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[Vol.19] Moments of Unexpected Luck (Hye-gyeong Choe, UST-KIMM Campus Nano-Mechatronics Major (Doctoral Course))

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  • Registration Date : 2016-09-29
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After I decided to take up a doctoral course, I chose UST among many schools because of its annual overseas research training program. I applied for the program in 2015, the third year of my doctoral course, because I believed I could carry out my own project solely with three years of experience. I also believed that training in overseas country would help me decide my career path. With the help of my advisor, Professor So-hee Jeong, and my colleagues, I was successfully selected for the program.

     

 

Beginning of the long-aspired overseas training

Through the program, I could join National Renewable Energy Laboratory (NREL), which is located in the small city of Golden, Colorado in the US. It is a kind of government-funded research institute. I volunteered to study at the lab led by Dr. Arthur J. Nozik and Dr. Matthew C. Beard. I thought I would be able to produce research results in the six-month period because I knew through our international joint research that the lab was involved with subjects that were similar with mine. In particular, I set an ambitious goal that I would contribute to the joint research and exchange between UST and NREL group, on top of personally completing my degree thesis.

     

NREL was dealing with various energy-related subjects including solar energy, wind power, and bio-energy. Solar Energy Research Facility (SERF), which I visited, was covered with silicone solar batteries all over its roof; anyone would be able to guess that it was a facility used for solar cell research. In Colorado, almost 300 days of the year are sunny. Moreover, NREL is very eco-friendly place; sometimes I would see deers and rabbits in its yard. Every morning I went to the lab, I inhaled the clean fresh air and I appreciated the opportunity that I was able to stay at such a nice place.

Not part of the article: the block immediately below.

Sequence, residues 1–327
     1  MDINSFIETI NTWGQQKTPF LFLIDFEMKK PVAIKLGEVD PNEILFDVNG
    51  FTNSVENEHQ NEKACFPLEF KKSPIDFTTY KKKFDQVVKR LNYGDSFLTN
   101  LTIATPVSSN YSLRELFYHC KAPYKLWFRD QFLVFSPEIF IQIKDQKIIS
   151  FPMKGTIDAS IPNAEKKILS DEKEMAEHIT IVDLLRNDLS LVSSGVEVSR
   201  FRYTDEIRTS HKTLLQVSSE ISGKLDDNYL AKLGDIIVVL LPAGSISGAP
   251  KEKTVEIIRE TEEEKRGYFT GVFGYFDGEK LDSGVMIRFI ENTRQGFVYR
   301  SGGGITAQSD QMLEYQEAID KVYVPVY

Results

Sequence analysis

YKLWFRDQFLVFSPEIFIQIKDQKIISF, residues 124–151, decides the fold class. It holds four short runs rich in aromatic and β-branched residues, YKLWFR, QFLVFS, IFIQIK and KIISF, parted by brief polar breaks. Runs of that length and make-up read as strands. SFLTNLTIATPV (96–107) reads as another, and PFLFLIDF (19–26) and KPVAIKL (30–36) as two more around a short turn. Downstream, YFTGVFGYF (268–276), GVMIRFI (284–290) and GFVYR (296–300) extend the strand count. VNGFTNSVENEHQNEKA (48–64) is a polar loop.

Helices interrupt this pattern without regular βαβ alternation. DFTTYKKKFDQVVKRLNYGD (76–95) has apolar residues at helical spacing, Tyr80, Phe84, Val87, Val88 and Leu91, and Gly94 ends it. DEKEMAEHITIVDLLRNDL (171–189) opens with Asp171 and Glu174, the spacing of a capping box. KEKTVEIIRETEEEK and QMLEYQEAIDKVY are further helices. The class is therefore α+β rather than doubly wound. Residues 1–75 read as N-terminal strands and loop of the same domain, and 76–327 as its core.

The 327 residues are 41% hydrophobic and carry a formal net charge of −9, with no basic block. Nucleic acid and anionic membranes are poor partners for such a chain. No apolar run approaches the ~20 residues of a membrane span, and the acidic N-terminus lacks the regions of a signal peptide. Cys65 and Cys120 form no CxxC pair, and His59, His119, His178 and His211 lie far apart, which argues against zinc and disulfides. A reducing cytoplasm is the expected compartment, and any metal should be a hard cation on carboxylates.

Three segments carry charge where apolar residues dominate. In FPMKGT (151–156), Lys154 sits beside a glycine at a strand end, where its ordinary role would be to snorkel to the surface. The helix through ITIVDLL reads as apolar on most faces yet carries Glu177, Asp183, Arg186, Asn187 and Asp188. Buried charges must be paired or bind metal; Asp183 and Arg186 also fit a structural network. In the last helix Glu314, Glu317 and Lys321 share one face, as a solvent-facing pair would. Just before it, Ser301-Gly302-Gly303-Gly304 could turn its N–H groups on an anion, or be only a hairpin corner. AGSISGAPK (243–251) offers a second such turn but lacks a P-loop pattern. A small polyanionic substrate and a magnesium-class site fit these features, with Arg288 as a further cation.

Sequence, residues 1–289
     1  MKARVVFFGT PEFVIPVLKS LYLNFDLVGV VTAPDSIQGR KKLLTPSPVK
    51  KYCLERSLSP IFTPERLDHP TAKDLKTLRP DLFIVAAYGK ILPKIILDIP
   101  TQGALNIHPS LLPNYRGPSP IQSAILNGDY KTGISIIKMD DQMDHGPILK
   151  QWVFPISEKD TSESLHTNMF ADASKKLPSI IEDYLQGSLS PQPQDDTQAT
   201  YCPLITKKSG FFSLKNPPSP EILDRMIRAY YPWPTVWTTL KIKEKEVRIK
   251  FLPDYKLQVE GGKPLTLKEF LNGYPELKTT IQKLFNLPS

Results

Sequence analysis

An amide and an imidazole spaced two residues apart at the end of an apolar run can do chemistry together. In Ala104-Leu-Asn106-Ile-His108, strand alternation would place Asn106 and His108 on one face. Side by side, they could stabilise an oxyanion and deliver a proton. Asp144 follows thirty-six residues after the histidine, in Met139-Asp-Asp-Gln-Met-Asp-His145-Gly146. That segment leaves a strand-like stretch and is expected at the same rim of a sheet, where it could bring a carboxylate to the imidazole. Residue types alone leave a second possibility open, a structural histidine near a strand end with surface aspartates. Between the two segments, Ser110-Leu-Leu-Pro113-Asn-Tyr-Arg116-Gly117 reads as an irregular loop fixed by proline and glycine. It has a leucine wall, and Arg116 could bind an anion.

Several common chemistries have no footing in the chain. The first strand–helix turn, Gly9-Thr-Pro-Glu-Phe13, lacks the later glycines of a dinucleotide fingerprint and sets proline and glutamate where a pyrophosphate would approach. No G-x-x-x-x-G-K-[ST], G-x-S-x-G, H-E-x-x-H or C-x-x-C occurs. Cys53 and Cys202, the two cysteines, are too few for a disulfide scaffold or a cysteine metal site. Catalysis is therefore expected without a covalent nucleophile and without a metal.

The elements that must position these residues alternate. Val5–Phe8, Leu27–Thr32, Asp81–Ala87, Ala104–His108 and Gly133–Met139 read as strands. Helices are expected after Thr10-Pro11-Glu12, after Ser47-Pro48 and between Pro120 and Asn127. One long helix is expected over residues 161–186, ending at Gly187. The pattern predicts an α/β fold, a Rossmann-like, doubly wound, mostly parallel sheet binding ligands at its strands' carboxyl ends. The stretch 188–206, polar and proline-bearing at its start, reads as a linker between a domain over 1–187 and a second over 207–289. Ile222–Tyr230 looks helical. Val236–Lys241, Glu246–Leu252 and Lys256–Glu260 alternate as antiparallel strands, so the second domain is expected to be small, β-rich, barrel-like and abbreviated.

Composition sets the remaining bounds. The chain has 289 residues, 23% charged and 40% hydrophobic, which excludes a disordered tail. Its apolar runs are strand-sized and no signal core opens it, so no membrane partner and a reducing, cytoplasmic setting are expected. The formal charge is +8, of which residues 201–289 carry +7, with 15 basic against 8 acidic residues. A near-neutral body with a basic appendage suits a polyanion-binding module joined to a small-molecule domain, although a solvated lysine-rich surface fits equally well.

Research environment vastly different from that of Korea

I had been working on research about quantum dot synthesis chemistry and surface chemistry in Korea Institute of Machinery & Materials Campus (KIMM). In NREL, I subsequently carried out a project applying the synthesized quantum dot as solar battery. The dry weather of Colorado was the best environment for researching on quantum dot solar cell, which is very vulnerable to moisture. In my lab in Korea, humidity reaches almost 70 percent even in winter, but in Colorado, the rate remained below 15 percent. At first, I found it a bit difficult to adapt to the dry weather and I suffered from cracked skin and nosebleeds. However, it was the perfect condition for research.

 

What I found most impressive in the training was the group conference. I had to make a presentation about the project I had been working on in Korea and the research plan for the training in NREL during the first group conference of 2016. I was concerned. I thought to myself, “Do they understand my English? What if they are not interested in my research?” Contrary to my worries, as soon as I finished my presentation, fellow researchers and doctors fired me with almost too many questions and comments. The group conference used to start at noon in a pleasant and free atmosphere where people could bring their own lunch. I found it so impressive that everyone asked questions, shared answers, as well as exchanged opinions.

     

 

 

Unexpected luck

Last April, the 2016 Material Research Society, the most globally prominent conference in the field of material research, was held in Phoenix, Arizona. UST funded my airfare, while my advisor helped me pay the admission fee for the conference, which greatly reduced my financial burden. Also, the poster presentation that I made during the conference was a great once-in-a-lifetime opportunity. In May, I happened to catch another lucky chance: I was able to attend a seminar dubbed “Dr. Nozik Event,” which was held to celebrate the 80th birthday of Dr. Arthur J. Nozik. The seminar ran for two days with globally renowned scholars in attendance. In particular, the 50 years that Mr. Nozok had spent on research were recalled, which made me think about what would happen to me 50 years from now.

 

     

 

 

The six months passed much quicker than I expected. I believe that in NREL, I was able to concentrate on research more than any other time over the course of taking my doctoral degree. Thanks to the NREL members and Dr. Arthur J. Nozik who provided me full material and mental support as well as took the time to discuss with me my work, I was able to complete and submit two papers. Aside from the research results I produced, the networks that I built with the world’s greatest scholars would be a great asset in my research life.